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Introduction of Node.js

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Introduction of Node.js


In this article, I am explaining the concept of nodejs.



“Node.js is a packaged compilation of Google’s V8 JavaScript engine, the libuv platform abstraction layer, and a core library, which is itself primarily written in JavaScript.” Beyond that, it’s worth noting that Ryan Dahl, the creator of Node.js, was aiming to create real-time websites with push capability, “inspired by applications like Gmail.

To start using Node.js, you must first understand the differences between Node.js and traditional server-side scripting environments (eg: PHP, Python, Ruby, etc). Node.js uses a module architecture to simplify the creation of complex applications.

Chances are good that you are familiar with asynchronous programming; it is, after all, the "A" in Ajax. Every function in Node.js is asynchronous. Therefore, everything that would normally block the thread is instead executed in the background. This is the most important thing to remember about Node.js. For example, if you are reading a file on the file system, you have to specify a callback function that is executed when the read operation has completed.

Node.js is only an environment - meaning that you have to do everything yourself. There is not a default HTTP server, or any server for that matter. This can be overwhelming for new users, but the payoff is a high performing web app. One script handles all communication with the clients. This considerably reduces the number of resources used by the application. For example, a node.js code for simple loop which iterate number of times and it consumes less time to other server side language as like PHP.



Node.js uses a module architecture to simplify the creation of complex applications. Modules are akin to libraries in C, or units in Pascal. Each module contains a set of functions related to the "subject" of the module. For example, the http module contains functions specific to HTTP. Node.js provides a few core modules out of the box to help you access files on the file system, create HTTP and TCP/UDP servers, and perform other useful functions.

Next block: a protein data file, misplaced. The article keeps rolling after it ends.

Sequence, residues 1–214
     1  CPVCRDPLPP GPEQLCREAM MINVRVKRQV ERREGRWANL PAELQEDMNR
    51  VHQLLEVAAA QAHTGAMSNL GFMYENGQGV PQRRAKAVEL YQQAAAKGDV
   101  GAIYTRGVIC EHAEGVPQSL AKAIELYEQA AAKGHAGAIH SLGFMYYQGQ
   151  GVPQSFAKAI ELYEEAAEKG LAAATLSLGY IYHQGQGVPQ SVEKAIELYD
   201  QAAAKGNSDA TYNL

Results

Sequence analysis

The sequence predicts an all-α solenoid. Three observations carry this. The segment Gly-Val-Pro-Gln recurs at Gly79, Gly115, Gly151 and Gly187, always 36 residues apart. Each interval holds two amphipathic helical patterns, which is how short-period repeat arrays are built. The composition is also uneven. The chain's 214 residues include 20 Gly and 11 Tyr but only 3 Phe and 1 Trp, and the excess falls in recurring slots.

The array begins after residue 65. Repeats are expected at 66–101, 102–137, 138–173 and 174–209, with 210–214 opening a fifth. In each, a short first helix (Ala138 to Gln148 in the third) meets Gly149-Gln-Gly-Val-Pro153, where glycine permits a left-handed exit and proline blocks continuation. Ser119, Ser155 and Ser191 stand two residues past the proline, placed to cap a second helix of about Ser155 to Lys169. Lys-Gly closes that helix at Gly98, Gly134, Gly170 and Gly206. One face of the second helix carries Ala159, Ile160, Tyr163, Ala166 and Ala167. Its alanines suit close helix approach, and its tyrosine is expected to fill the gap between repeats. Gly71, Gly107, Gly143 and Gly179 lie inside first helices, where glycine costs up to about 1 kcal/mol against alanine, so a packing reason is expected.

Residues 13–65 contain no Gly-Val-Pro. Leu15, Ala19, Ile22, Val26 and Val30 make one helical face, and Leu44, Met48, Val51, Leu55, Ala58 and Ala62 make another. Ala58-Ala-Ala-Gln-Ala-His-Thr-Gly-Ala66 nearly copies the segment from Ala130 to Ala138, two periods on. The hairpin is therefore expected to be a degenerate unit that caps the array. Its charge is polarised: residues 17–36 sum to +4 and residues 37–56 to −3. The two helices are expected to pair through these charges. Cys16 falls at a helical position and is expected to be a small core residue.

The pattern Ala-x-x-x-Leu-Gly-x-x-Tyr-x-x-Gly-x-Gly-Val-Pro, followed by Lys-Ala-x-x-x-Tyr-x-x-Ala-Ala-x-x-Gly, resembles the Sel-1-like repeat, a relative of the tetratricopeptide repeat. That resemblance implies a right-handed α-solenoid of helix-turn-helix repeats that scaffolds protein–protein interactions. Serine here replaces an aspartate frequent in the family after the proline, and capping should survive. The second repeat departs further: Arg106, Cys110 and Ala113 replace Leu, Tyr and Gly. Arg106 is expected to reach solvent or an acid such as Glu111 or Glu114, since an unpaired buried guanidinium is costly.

Module are include by simply calling the require() function, like this:

 var http = require('http');

The require() function returns the reference to the specified module. In the case of this code, a reference to the http module is stored in the http variable.

In the above code, we passed the name of a module to the require() function. This causes Node to search for a node_modules folder in our application's directory, and search for the http module in that folder. If Node does not find the node_modules folder (or the http module within it), it then looks through the global module cache. You can also specify an actual file by passing a relative or absolute path, like so:

var myModule = require('./mySampleModule.js');

The modules are encapsulated with pieces of code.  The code means it have functions and variables.

Global Scope


Node is a JavaScript environment running in Google's V8 JavaScript engine. As such, we should follow the best practices that we use for client-side development. For example, we should avoid putting anything into the global scope. That, however, is not always possible. The global scope in Node is GLOBAL (as opposed to window in the browser), and you can easily create a global variable of function by omitting the var keyword, like this:

globalVariable = 1;

globalFunction = function () { ... };

Once again, globals should be avoided whenever possible. So be careful and remember to use var when declaring a variable.


In this blog, we describe the concept of node.js and modules, and scope.

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